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Bio-inspired NADH regeneration by carbon nitride photocatalysis using diatom templates

One of the bigger problems facing society today is energy. Our dependence on fossil fuels for energy is not only environmentally unsustainable, but it also causes a whole host of social and economic issues. As a result, much of the scientific community has turned its attention towards trying to figure out a way to power the world using alternative sources of energy. Many have turned to the natural forms of energy that are found on Earth, specifically the sun, wind and waves, as ways to help replace fossil fuels. However, converting these energies into something that can be used is another issues altogether. But since these phenomena are not specific to humans' imagination, guidance can be found in nature. For example, diatoms, which are photosynthetic organisms that can be found in aquatic habitats, and which are responsible for nearly one fifth of the world's photosynthetic yield, offer significant promise. This is because diatoms feature unique frustule architectures with hierarchical structures ranging from micrometric to nanometric scales, something considered to factor into their high photosynthetic efficiency. Being able to reconstruct these frustules with photoactive material represents a promising way to create a photosynthetic system for light energy conversion.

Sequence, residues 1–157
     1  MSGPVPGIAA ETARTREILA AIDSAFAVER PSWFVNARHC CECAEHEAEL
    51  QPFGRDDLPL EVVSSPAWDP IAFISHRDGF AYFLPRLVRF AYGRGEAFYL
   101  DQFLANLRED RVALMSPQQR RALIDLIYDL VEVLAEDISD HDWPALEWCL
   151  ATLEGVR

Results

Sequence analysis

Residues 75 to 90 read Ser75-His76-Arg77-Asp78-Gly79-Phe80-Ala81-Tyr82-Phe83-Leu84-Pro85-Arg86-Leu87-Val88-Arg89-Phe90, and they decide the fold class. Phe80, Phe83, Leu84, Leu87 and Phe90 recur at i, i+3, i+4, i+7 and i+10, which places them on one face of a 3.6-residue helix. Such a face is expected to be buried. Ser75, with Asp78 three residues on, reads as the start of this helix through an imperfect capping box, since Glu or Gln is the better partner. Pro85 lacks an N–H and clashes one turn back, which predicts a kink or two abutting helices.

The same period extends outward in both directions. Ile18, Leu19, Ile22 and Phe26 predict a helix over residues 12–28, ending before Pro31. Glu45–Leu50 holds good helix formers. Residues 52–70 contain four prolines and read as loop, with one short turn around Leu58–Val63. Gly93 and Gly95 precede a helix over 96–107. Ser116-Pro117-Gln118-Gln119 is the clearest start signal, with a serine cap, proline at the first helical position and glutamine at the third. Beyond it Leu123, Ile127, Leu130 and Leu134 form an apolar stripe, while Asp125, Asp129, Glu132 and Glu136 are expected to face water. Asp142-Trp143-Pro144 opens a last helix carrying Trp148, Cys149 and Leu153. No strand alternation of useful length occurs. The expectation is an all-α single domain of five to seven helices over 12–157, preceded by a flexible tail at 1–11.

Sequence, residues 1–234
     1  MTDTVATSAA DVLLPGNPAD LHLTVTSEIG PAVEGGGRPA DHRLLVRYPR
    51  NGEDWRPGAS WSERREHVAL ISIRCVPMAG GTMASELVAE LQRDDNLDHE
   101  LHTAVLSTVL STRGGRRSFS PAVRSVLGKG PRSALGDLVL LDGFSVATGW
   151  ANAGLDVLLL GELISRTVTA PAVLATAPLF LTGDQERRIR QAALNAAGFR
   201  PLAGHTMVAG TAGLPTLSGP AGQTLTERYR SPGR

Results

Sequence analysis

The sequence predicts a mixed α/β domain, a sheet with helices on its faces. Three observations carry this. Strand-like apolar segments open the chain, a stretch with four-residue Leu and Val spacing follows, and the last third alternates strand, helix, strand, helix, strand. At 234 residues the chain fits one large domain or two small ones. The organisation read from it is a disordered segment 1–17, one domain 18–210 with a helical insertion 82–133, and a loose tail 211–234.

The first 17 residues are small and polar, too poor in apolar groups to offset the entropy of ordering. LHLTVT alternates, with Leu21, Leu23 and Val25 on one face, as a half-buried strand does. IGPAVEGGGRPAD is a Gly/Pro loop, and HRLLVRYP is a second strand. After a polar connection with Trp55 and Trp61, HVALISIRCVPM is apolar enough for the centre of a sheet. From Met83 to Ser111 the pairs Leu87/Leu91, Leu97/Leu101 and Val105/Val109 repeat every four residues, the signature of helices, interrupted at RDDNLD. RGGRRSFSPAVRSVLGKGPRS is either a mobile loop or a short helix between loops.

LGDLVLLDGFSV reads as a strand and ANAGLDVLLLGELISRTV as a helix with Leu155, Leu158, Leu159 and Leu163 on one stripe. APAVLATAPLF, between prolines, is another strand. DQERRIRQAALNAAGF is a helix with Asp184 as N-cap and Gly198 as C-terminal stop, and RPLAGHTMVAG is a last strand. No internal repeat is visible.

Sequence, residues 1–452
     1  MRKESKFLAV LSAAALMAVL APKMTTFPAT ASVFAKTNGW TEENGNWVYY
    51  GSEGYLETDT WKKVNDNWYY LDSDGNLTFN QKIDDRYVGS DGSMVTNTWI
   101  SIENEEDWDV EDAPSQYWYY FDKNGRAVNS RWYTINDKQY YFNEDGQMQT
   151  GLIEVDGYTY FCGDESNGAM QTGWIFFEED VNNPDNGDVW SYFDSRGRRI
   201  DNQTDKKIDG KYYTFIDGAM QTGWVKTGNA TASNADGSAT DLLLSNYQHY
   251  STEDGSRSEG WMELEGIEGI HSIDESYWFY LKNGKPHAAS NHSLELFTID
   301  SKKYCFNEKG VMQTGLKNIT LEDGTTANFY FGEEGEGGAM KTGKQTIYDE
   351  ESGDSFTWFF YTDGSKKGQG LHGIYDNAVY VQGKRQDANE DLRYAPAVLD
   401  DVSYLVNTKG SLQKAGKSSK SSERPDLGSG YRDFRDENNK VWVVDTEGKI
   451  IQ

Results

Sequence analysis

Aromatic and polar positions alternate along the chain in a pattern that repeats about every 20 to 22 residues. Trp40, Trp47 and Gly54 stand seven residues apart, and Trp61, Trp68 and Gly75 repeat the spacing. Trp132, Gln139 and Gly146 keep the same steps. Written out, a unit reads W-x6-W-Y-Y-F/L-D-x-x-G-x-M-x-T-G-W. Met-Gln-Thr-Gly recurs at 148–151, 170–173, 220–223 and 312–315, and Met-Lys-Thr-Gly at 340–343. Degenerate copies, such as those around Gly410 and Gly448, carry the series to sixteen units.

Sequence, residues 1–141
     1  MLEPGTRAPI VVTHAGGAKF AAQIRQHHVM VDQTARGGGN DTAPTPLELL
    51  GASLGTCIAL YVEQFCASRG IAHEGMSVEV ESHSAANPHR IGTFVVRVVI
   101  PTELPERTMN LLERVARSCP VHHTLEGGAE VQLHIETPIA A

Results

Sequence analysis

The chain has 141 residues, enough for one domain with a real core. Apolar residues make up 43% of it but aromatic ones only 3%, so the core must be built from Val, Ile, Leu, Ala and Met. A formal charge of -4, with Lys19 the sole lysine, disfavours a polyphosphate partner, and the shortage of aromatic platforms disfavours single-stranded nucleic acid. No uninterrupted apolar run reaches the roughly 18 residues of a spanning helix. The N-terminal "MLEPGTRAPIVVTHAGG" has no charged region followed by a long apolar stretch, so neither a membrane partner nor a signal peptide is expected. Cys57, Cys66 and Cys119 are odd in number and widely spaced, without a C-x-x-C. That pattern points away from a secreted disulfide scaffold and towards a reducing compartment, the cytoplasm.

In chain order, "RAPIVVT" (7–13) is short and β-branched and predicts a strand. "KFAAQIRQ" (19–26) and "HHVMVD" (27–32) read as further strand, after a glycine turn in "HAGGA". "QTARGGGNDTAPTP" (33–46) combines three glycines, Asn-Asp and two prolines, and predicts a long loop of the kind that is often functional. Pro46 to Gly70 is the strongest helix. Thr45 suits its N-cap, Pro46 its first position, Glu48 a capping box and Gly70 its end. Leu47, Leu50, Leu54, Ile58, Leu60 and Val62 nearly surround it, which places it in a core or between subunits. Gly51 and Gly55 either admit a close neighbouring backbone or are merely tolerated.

This was the focus of the study conducted by Liu and Antonietti from the Max Planck Institute of Colloids and Interfaces in Potsdam, Germany. It is already known that enzymes can help recreate this process, but the procedure is complicated and therefore not very easily reproducible. So Liu and Antonietti looked at the natural process of photosynthesis, which uses light energy to reduce NAD+. But since this process normally occurs using rare metal chelated mediators or direct electron transfer, the environmental costs often outweigh the benefits. They decided to look at how polymeric carbon nitrade (g-C3N4) affects NADH regeneration. To do this, they needed to closely monitor NADH and NAD+ using the Amplite Fluorimetric Total NAD and NADH Assay Kit. This kit uses enzymes to specifically recognize NAD/NADH, which is superior to other methods that monitor NAD/NADH absorption at 340nm. Using this produces high sensitivity and interference, affecting the quality of the results. Amplite's assay mitigates these risks and produces far more accurate results.

At the conclusion of their study, Liu and Antonietti were able to reconstruct the photocatalytic regeneration of NADH by using graphitic carbon nitride with a diatom frustule structure. This is truly groundbreaking as it offers a way to make use of diatoms' photosynthetic efficiency without putting too much strain on the environment. To be able to be sure this reconstruction was accurate, the researchers needed to make sure they were receiving accurate measurements of NADH, something provided by the Amplite Fluorimetric Total NAD and NADH Assay Kit. The accuracy this assay provides is far better than similar assay kits, allowing for more confidence when reporting results. The findings from this study offer promise towards finding a way to harness natural and renewable energy sources to help combat the world's dependence on fossil fuels.

 

References


  1. Liu, Jian, and Markus Antonietti. "Bio-inspired NADH regeneration by carbon nitride photocatalysis using diatom templates." Energy & Environmental Science 6.5 (2013): 1486-1493.


Original created on January 15, 2018, last updated on January 15, 2018
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